Continuing from the last post, we look at the most recent example of bonafide financial turmoil: Greece.
In Wednesday’s article, I shared how when it comes to economic or political themes, people are selective with their perspectives. We talked about rich people and how some people only see the wealthy as fleecing the public for their own gain. On the other hand, others view rich folk as deserving of their rewards because of the growth and service they provide. We saw that recognizing this split in perspective goes a long way to understanding why and how two groups can be at odds while fighting the same enemy: Occupiers and Tea Partiers both are mad at Wall Street, but one sees capitalism’s failure while the other, Washington’s. One wants to use government to reach a little deeper into the rich’s pockets; the other wants to lesson government’s role.
Now let’s look at Greece. And we can do so through the eyes of these same two groups. The Occupier-type points their finger at what they notice: tax evasion by the rich or controlling powers from continental and world banking institutions.
“Explanations of how Greece got in this mess typically focus on profligate public spending. But its fiscal woes are also due to a simple fact: tax evasion is the national pastime…It makes the system unduly regressive, since the rich cheat more.”
Referring to the all the violent protests, Zach Zill at SocialWorker.org writes, “Greek workers are right to resist efforts to make them pay for a crisis caused by bankers, business executives and politicians.”
Meanwhile, the Tea Party-type notices the unsustainable public spending, the necessity to cut back, and thus, the perceived oddity of the protests when its the protester’s own country that’s threatened if spending cuts aren’t made.
Each side points out that which gets their goad. The important part is to notice our tendency to lock into a certain perspective. It’s great to notice a cause to a problem, but why not notice more than one–from varying angles?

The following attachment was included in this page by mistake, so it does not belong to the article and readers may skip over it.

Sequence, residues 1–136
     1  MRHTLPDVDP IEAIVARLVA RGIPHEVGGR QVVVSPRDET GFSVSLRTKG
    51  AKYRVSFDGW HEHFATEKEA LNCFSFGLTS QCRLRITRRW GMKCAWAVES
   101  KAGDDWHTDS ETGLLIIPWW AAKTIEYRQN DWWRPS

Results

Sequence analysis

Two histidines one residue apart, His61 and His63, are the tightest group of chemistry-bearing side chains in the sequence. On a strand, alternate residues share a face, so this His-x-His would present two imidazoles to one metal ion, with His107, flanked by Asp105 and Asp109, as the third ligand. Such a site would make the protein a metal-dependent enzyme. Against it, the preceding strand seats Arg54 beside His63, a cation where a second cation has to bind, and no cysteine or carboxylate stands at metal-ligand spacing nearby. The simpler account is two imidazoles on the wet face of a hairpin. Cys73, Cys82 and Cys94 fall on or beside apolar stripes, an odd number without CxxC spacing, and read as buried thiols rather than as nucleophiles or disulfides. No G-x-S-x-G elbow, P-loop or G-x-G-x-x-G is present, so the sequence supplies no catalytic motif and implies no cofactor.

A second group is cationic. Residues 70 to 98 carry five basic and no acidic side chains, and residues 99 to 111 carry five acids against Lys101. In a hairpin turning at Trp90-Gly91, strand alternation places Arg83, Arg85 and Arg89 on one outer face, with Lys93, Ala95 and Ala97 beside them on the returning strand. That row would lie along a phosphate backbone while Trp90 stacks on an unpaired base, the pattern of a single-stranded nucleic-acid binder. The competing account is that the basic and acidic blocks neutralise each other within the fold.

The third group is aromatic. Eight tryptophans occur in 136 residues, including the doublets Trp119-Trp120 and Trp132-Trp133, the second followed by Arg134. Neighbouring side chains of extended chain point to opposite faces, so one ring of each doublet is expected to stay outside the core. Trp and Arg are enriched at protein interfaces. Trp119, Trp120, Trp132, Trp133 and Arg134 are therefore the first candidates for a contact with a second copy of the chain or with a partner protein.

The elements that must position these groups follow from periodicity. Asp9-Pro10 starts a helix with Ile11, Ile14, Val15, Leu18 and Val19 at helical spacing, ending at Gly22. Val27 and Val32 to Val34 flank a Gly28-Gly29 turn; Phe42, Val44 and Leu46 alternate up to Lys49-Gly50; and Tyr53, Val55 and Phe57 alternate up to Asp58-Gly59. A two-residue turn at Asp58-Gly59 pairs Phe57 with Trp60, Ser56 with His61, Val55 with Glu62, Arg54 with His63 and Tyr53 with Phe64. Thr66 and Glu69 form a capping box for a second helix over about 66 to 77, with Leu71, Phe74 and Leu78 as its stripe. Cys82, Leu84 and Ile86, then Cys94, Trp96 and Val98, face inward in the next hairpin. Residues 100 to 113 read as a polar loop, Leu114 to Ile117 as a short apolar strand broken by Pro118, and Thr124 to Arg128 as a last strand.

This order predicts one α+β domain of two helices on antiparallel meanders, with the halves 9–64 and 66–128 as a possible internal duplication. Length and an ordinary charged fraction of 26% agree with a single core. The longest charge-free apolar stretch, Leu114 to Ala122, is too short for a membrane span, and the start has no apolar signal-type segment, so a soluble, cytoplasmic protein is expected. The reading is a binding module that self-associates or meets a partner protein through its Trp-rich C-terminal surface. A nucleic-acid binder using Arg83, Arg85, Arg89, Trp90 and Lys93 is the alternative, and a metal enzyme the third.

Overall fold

We come to the table already with a specific tint on the world shaped by our ideology, and we view the issue through this lens which filters out the data that doesn’t fit.
This is basic stuff, but it’s also easily abandoned. A new plateau is to recognize the merit to various perspectives and recognize our own selective attention to that which is convenient to your ideology.
Beyond this, I emailed Greek economic analyst, and Athens native, Robert G. Danon who writes at rgdanon.blogspot.com and whose Twitter is rgdanon. I wanted a better understanding on Greece: the reason for their money mess and the protesters’ anger. In response to my inquiry, he wrote (with my writing in parentheses):
“Over the course of the last three decades we had to a large extent a socialist government run by PASOK with a manifesto of deficit spending and promises of increased electoral public employment in exchange for votes. The centre-right NEW DEMOCRACY party also lay claim and embraced this modus operandi, effectively condoning this behaviour.
“This was effortlessly carried out as Greece was the beneficiary of very low interest rates courtesy of the Euro, and the party euphoria that ensued having no regard to the longer term structural imbalances prevalent throughout this period. Equally, massive transfers of wealth occurred to help the periphery catch up with the core. (I’m honestly not sure what this last statement means.) It goes without saying that this money did not find a home in productive investment but rather in excessive consumption, lavish living, and Swiss and local bank accounts. Europe turned a blind eye as it was in many ways easier.
“At some point Greece had to pay the ferry man. Lending seized and the Troika (the European Commission, the International Monetary Fund, and the European Central Bank) imposed its lending conditions. The problem is this bloated Government sector of…public servants has never been cut to size, a large part of which earn excessive salaries, a large part of which is totally redundant and of course is being maintained at the expense of the private sector, which in neglect, is being asked to pay an ever increasing share of taxes. It is self-evident that this process has a dead end and we have reached it.”
Got all that?
have an awesome weekend!